Thursday, July 21, 2022

Research your Family Tree

All photos courtesy of Unsplash


In recent years there has been a major increase in people’s interest in researching their family trees. As the interest in celebrities rises, so does the fascination with programs that explore their backgrounds and ancestors.


The BBC genealogy documentary series ‘Who Do You Think You Are?’ regularly attracts an audience of more than 6 million viewers. It is now in its 17th series. ITV is running DNA Journey (2019 (1) and 2021 Series (3)), and so the list goes on.


While we dig into famous celebrities' ancestry, there is a lot of controversy about the origin of the most famous person in history – Jesus Christ. Christians believe that Jesus is God’s Son. In the New Testament, Jesus frequently referred to God as his “Father” (see John 5:17). In the next verse, we read that the Jews sought to kill him because they understood that he was claiming to be “equal with God”. In John 10:30, Jesus describes himself and his Father as being one in essence, that is, divine, and as a result, we read in verse 33 that the Jews once again try to stone him. 


However, many do not believe that the Bible is authored by God but just another piece of ancient literature. It has become fashionable for sceptics to hold that these supposed quotations of Jesus were simply made up by the early church added to the gospels. So our question is: ‘Who did Jesus think he was?’  Let’s look at two more occasions where Jesus claimed to be divine, two quotations accepted by mainstream critical scholars as historically authentic as actually said by Jesus. The early church is an unlikely source for them!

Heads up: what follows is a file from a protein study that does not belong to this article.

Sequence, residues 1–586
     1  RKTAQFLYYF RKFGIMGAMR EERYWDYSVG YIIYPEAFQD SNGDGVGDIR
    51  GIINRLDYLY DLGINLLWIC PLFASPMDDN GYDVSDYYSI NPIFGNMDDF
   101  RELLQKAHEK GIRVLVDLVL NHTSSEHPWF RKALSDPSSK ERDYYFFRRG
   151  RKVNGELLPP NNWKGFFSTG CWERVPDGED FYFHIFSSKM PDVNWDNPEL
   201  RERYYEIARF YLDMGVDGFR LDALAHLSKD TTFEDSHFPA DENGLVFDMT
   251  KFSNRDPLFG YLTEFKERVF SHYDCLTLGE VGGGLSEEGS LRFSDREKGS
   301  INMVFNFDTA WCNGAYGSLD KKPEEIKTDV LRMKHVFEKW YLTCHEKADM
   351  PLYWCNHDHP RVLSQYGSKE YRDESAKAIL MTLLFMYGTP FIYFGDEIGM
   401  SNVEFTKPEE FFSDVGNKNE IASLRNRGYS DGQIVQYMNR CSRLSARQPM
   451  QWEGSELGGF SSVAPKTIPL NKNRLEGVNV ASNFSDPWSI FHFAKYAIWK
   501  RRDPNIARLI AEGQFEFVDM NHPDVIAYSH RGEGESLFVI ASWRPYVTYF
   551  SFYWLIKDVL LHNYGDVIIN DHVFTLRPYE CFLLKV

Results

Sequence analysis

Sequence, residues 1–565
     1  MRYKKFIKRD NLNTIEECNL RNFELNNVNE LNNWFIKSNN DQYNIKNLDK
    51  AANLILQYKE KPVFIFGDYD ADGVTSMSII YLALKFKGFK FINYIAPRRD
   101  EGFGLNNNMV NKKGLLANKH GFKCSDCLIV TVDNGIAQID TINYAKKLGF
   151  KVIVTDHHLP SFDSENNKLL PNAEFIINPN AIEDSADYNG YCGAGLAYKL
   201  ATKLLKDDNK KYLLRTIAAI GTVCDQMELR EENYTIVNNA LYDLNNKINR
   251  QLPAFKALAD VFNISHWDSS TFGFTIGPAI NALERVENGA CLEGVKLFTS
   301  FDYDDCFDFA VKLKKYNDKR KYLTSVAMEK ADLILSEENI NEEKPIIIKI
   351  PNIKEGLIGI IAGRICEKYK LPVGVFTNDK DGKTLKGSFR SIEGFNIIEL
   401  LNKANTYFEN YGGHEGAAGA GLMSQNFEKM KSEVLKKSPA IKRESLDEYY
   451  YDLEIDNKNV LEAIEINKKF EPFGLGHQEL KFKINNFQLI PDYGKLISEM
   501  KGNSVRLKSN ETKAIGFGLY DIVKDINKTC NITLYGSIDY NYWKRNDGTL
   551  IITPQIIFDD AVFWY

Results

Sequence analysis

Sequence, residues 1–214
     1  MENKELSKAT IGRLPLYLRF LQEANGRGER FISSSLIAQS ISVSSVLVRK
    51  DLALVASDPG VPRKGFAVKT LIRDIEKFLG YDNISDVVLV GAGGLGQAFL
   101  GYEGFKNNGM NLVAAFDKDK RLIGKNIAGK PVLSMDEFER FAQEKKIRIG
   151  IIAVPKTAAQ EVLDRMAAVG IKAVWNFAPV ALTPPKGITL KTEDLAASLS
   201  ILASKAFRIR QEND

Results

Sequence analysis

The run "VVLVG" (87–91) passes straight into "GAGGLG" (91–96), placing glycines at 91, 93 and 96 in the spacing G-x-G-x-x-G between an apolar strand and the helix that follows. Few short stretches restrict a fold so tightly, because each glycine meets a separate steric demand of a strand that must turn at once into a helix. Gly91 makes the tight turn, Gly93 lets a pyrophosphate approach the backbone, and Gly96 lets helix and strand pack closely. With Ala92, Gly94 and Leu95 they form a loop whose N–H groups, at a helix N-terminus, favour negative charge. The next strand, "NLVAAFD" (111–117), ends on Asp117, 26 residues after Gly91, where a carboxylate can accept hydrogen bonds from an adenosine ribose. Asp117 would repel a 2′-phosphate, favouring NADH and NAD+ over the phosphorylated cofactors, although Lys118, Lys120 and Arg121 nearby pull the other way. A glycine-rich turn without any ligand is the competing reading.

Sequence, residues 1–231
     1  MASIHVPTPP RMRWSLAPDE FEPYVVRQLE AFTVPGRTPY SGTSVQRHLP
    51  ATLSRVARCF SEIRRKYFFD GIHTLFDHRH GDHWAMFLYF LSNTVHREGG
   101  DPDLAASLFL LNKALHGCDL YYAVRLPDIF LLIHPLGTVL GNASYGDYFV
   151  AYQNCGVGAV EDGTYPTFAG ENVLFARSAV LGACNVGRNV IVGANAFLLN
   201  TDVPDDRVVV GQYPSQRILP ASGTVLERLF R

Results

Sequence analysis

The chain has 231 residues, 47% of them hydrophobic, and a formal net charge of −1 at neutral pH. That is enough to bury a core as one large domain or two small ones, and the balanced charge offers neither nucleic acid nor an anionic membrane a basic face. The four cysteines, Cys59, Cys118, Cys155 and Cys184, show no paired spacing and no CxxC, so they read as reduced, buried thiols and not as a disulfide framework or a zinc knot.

1. During Jesus’ trial by the Sanhedrin as recorded in Mark 14, the high priest asks him, "Are you the Christ, the Son of the Blessed?" Jesus replies (v62), "I am, and you will see the Son of Man seated at the right hand of Power, and coming with the clouds of heaven." The high priest tore his garment, and the verdict of blasphemy with the death sentence was delivered by the Sanhedrin. They knew that Jesus was identifying himself as the Old Testament ‘Son of Man’ figure who appeared to Daniel in a vision (Daniel 7:13-14). Daniel’s ‘Son of Man’ is described as eternal, glorious and sovereign ruler of an everlasting kingdom. The Sanhedrin’s verdict of blasphemy demonstrates that they knew that Jesus was claiming to be God. Now, while ‘Son of Man’ was often used by Jesus to refer to himself in the gospels, it is very unlikely that this title was inserted as an invention of the Church because the title only occurs three other times in the New Testament (Acts 7:56; Revelation 1:13; 14:14) and only three times in all other Christian literature during the Church's first 120 years. Since neither Jesus' opponents nor his supporters are likely sources for this title, Jesus himself is most probable. 

2. In Mark 13:32, talking about the end of the world, Jesus says, "no one knows, not even the angels in heaven, nor the Son, but only the Father." This text suggests that there is something that he, the Son of God, does not know. If the disciples were forming a fictional account, these are words they would never put in Jesus’ mouth.  Again, Jesus himself is the most likely source of this statement.


The Bible says that our forgiveness from sin and eternal well-being in Heaven depends on his person's worth as the unique Son of God. It is his divine nature that gives value to his death as a sacrifice for us.  Each of us needs to personally answer Jesus’ own question: ‘Who do you say that I am?’ (Mark 8:29).

Written by and used with permission of a Guest Blogger


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